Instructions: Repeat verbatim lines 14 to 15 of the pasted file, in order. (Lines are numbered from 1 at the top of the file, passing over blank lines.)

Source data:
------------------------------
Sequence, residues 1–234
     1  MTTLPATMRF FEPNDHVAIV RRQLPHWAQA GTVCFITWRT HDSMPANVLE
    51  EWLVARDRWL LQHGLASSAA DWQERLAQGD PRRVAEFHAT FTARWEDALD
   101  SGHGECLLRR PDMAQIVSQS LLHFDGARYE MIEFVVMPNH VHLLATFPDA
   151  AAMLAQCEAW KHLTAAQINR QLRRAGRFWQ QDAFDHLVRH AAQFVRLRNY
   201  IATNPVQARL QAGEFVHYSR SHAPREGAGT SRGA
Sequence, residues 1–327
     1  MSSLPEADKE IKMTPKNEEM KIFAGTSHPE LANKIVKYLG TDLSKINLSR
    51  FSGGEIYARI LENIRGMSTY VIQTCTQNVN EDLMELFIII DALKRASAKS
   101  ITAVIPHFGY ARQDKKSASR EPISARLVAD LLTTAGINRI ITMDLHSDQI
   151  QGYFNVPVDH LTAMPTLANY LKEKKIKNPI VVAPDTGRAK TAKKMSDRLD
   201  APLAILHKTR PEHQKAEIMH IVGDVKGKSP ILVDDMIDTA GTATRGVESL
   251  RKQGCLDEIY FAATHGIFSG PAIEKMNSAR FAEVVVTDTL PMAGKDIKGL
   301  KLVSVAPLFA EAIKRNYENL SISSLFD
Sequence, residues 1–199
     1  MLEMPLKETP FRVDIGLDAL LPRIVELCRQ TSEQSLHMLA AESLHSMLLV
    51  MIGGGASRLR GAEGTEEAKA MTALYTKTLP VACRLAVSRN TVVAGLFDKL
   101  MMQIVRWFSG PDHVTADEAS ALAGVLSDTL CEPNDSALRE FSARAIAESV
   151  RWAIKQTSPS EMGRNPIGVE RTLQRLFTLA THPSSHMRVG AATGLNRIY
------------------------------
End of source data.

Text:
   301  KLVSVAPLFA EAIKRNYENL SISSLFD
Sequence, residues 1–199